Omar Minaya deserves to bask in Jacob deGrom’s Mets success

Omar Minaya deserves to bask in Jacob deGrom’s Mets success

04/29/2021

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Omar Minaya was talking about his 6-foot-6 son, Justin, and the forward’s decision to transfer from South Carolina to Providence. His kid wants to play basketball in the Big East, and move a little closer to his family’s northern New Jersey home, and Minaya was all but jumping through the phone while envisioning the games he will get to see in person.

“I’m a basketball scout now,” he said through his signature laugh. He is also a Mets ambassador who knows a thing or two about scouting baseball players. Over the past 31 years, the Mets have won the National League East a grand total of two times. Minaya was the team’s general manager for the 2006 division title, and the team’s long-fired-but-not-forgotten talent collector for the 2015 division title and trip to the World Series.

He was also the GM who, four months before he was fired, picked Jacob deGrom in the ninth round of the 2010 draft.

As deGrom was preparing to face the Red Sox on Wednesday night at Citi Field, carrying to the mound a 0.31 ERA and big league record 50 strikeouts in his first four starts, he was already being hailed as a future Hall of Famer and as baseball’s answer to Tom Brady, who was drafted 199th overall by the Patriots 10 years before deGrom was drafted 272nd by the Mets. Bill Belichick was rewarded with six Super Bowl championships, and Minaya was rewarded with … well … he wasn’t rewarded.

In the context of player development, football and baseball operate on completely different timetables. Brady won a ring in Year 2, and deGrom didn’t even reach the majors until Year 5, after Tommy John surgery. Minaya’s Mets missed four consecutive postseason tournaments, and collapsed twice. Yes, it was time for O to go.

But that doesn’t mean, all these years later, he shouldn’t bask a little in deGrom’s staggering success, and in the fact that the Mets ace might go down as the greatest draft pick in franchise history. (Tom Seaver was signed as an amateur free agent.) Minaya wants no part of it, of course, because that’s who he has always been. He credits the scouts on the ground, Les Parker and Steve Nichols, and cross-checker Steve Barningham, and scouting director Rudy Terrasas, who was also fired four months after the deGrom pick.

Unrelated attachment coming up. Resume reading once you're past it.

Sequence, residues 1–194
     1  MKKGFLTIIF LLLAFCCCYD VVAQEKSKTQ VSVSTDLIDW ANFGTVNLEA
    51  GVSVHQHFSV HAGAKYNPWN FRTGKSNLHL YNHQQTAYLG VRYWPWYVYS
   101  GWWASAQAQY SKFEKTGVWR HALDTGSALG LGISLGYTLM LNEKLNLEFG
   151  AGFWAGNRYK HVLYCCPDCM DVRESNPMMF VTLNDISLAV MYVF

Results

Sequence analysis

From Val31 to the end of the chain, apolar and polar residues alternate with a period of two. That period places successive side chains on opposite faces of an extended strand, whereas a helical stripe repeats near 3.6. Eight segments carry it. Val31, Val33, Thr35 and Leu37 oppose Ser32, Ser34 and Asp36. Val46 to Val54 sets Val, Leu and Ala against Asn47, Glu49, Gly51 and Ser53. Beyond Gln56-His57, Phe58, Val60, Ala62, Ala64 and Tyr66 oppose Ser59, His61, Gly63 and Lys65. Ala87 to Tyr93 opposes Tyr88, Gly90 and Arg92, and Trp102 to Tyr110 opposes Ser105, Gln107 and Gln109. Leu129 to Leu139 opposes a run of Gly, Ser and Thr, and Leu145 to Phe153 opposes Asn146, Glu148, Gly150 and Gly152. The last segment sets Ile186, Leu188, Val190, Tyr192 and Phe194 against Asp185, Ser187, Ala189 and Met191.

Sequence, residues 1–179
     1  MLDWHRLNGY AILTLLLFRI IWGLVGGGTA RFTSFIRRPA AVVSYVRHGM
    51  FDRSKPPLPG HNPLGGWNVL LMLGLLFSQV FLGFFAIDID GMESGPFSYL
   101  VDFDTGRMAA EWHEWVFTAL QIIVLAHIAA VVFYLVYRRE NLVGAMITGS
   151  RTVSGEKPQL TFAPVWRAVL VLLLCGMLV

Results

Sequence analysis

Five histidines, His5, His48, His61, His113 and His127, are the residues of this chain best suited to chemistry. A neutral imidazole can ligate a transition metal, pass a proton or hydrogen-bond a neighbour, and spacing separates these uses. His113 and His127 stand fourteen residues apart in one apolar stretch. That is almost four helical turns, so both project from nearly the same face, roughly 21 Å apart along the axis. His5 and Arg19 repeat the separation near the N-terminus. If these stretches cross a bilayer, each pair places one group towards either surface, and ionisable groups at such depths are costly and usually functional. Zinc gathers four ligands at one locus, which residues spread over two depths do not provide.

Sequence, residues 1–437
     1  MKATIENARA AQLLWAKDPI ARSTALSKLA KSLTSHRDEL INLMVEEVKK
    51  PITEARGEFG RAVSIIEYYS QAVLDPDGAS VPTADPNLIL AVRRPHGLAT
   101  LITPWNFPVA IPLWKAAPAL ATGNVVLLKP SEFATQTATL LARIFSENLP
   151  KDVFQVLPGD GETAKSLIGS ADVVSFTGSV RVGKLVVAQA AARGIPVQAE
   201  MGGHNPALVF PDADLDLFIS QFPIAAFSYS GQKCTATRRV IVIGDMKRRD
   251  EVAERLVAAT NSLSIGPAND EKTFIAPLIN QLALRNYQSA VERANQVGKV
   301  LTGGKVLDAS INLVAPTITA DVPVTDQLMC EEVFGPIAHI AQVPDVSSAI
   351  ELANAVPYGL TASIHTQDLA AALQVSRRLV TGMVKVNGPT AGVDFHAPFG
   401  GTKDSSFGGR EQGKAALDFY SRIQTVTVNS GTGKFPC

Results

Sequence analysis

Minaya did not see deGrom live at Stetson Unversity, where he started 36 of his 39 games at shortstop and pitched only one inning in 2009, and where he split time between short and the mound in 2010. In fact, Minaya was focusing on the power arm he took in the first round, North Carolina’s Matt Harvey, who reminded the GM of Roger Clemens.

“I remember being in the room and talking about a lean, athletic pitcher,” Minaya recalled of deGrom. “I was a big believer in athleticism, so we were not going to be afraid to take a guy who was a shortstop converted to a pitcher. … But when you get to the ninth round, you’re bouncing around different names. He wasn’t a highlight guy. If he was, we never would have waited to take him in the ninth round. We couldn’t visualize what he is today.

“I can’t tell you when we drafted deGrom that I said, ‘We’ve got to take this guy.’ As a GM you’re there as a supervisor. You allow the scouting director and cross-checkers to do their jobs. You’re there as a sounding board to make sure the train is running with your philosophy. Rudy Terrasas was running the draft, but as a GM, if it’s close, we’re taking the athlete.”

The fired GM wasn’t around to see the flowering of his pick’s otherworldly talent. Minaya recalls watching deGrom strike out the side in the 2015 All-Star Game, and thinking it reminded him a bit of Pedro Martinez’s two-inning dominance in the 1999 All-Star Game.

“That’s the first time I said about Jacob, ‘Wow, it’s in there,’ ” Minaya said.

He maintained that a college shortstop turned Cy Young winner represents a victory for the Mets’ development coaches. He said deGrom’s success “has nothing to do with me.” He would only concede that his drafting approach — putting a premium on athletes — helped solidify the pick.

When Minaya has bumped into deGrom here and there, he has asked him with a smile, “How does it feel to be the best pitcher in the world?” DeGrom has responded by laughing and walking away.

That’s Minaya’s job, anyway, spreading goodwill whenever he can. He is, after all, a Mets ambassador. History will remember him as a valuable one.

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